Presentation is loading. Please wait.

Presentation is loading. Please wait.

OPG and the Opportunities for New Generation in Ontario Emad Elsayed Vice President Hydroelectric Development Ontario Power Generation to the Electricity.

Similar presentations


Presentation on theme: "OPG and the Opportunities for New Generation in Ontario Emad Elsayed Vice President Hydroelectric Development Ontario Power Generation to the Electricity."— Presentation transcript:

1 OPG and the Opportunities for New Generation in Ontario Emad Elsayed Vice President Hydroelectric Development Ontario Power Generation to the Electricity Distributors Association Thunder Bay, Ontario September 7, 2006

2 2 OPG Profile Generated TWh in TWh in first 6 months 2006 Produces approx. 70% of Ontarios electricity generation Employs approx. 11,000 employees Operates: Three nuclear stations (10 operating units, total) Five fossil-fuelled stations 64 hydroelectric stations Beck 2 GS Lambton GS Pickering B GS

3 3 Improving Financial Performance Net Income ($millions) $366 $342 $42 Q1-Q In May, 2006 OPGs Credit rating was upgraded by Standard & Poors -- short-term commercial paper debt rating upgraded to A-1 (low) from A-2.

4 4 OPG Helps Moderate Electricity Prices

5 5 Source: IESO/OPG, January 2006 Ontario Capacity: 30,631 MW OPG Capacity: 22,173 MW (72%) Coal – 21.4% Ontario Electricity Supply Mix Ontario Energy: 156,000 GWh/yr OPG Energy: 109,000 GWh/yr (70%)

6 6 Station Location Map

7 7 OPGs Hydroelectric Assets Ragged Rapids GS

8 8 OPG Mandate Memorandum of Agreement between OPG and Shareholder (Ontario Government), signed August 17, 2005, states in part: With respect to investment in new generation capacity, OPGs priority will be hydro-electric generation capacity. OPG will seek to expand, develop and/or improve its hydro-electric generation capacity. This will include expansion and redevelopment on its existing sites as well as the pursuit of new projects where feasible. These investments will be taken by OPG through partnerships or on its own, as appropriate.

9 9 Hydroelectric Development Potential in Ontario Theoretical potential ~ 12,000 MW Practical/economic potential ~ 5,000 MW Most potential sites are in Northern Ontario and are restricted by existing government commitments Need to address key issues: First Nations participation Transmission requirements Restrictions on Northern & Moose Rivers development Environmental considerations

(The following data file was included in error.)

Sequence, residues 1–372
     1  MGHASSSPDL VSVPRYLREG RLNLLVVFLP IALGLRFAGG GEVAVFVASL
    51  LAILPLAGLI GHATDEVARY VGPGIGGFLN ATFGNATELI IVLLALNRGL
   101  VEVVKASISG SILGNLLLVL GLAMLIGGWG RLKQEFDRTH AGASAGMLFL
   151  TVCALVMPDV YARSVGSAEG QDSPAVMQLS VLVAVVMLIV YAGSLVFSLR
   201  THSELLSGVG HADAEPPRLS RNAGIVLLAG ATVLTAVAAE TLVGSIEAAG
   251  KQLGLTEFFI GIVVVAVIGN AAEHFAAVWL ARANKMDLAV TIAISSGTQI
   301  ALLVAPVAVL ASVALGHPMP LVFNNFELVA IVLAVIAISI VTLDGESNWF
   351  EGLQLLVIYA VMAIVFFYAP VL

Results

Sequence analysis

10 10 First Nations Participation Active involvement by First Nations in hydroelectric developments includes potential equity participation. Memoranda of Understanding/Final Settlement Agreements signed with: Mattagami FN to explore the development of the Mattagami Lake Control Dam Taykwa Tagamou Nation to explore developments on the Abitibi River Significant involvement by FNs in the proposed Lower Mattagami River development. Goal is to create framework for all future developments in the Northern Rivers and Moose River Basin. Mattagami First Nation Council and OPG representatives

11 11 Transmission Requirements Significant development in northern Ontario will require new transmission lines to southern Ontario. Interim measure necessary for some projects (e.g. Lower Mattagami development). Longer term requirements to be addressed as part of OPAs Integrated Power System Plan (IPSP).

12 12 Restrictions on Northern & Moose Rivers Development Site release commitments on Northern and Moose Rivers (4,500 MW): Commitment restricts developments greater than 25MW in four Northern Rivers (Albany, Attawapiskat, Winisk and Severn) No new development within Moose River basin north of Highway 11 without co-planning with First Nations (exception, Lower Mattagami Project) Parks designations in North restricts additional 1,500MW (Bill11)

13 13 Environmental Considerations Some flooding required for Northern Rivers/Moose River Basin developments Need harmonization of Federal and Provincial environmental approval

14 14 Current Active Hydroelectric Development Projects in Northern Ontario Lac Seul Development 12.5 MW addition to existing Ear Falls station Construction started in Jan/06 Expected completion Nov/07 Upper Mattagami River Development Replacing 3 existing old stations (Wawaitin, Sandy Falls, Lower Sturgeon) with 3 larger stations producing 35 MW Started pre-qualification process for equipment suppliers and contractors Construction expected to start in mid 2007 Lac Seul: Rock Drilling at the Intake, March 2006

15 15 Current Active Hydroelectric Development Projects in Northern Ontario (Cont) Hound Chute Redevelopment (near Cobalt) Replace an existing 95-year old station (Hound Chute) with a new larger (9 MW) station Started pre-qualification process for equipment suppliers and contractors Construction expected to start in mid 2007